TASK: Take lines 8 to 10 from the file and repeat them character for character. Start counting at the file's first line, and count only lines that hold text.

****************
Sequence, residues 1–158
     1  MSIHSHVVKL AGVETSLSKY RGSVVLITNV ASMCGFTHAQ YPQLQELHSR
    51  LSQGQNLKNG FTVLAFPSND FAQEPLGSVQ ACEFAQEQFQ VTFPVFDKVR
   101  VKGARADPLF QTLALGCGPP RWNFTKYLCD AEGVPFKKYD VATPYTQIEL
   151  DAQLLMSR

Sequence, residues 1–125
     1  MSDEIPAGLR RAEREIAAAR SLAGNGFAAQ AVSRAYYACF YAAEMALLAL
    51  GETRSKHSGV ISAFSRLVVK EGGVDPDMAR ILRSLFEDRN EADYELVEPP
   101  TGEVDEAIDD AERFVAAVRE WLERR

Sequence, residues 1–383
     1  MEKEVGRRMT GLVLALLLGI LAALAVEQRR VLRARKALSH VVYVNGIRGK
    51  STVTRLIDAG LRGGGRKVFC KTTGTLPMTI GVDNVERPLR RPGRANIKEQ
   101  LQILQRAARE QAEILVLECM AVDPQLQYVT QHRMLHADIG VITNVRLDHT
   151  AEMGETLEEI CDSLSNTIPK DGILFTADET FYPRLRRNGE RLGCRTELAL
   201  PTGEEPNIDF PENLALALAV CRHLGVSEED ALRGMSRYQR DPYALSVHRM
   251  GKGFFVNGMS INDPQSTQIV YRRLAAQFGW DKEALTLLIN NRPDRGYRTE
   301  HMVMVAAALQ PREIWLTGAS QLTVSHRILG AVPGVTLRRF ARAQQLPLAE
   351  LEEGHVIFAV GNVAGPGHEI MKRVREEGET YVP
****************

    51  GETRSKHSGV ISAFSRLVVK EGGVDPDMAR ILRSLFEDRN EADYELVEPP
   101  TGEVDEAIDD AERFVAAVRE WLERR

Sequence, residues 1–383